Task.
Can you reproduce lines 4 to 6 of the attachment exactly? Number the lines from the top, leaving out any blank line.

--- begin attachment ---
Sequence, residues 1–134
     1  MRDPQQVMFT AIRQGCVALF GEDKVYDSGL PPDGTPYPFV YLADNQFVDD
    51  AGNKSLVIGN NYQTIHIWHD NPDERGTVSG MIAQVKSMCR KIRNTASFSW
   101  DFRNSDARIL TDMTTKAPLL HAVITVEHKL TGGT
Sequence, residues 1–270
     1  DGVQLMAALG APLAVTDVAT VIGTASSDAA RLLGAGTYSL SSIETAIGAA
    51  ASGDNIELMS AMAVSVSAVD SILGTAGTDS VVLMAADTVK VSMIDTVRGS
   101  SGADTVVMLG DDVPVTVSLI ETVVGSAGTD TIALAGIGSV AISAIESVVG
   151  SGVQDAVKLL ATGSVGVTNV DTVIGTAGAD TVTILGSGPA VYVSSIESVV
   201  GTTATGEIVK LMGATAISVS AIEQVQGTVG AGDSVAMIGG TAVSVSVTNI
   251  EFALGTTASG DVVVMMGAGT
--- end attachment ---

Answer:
   101  DFRNSDARIL TDMTTKAPLL HAVITVEHKL TGGT
Sequence, residues 1–270
     1  DGVQLMAALG APLAVTDVAT VIGTASSDAA RLLGAGTYSL SSIETAIGAA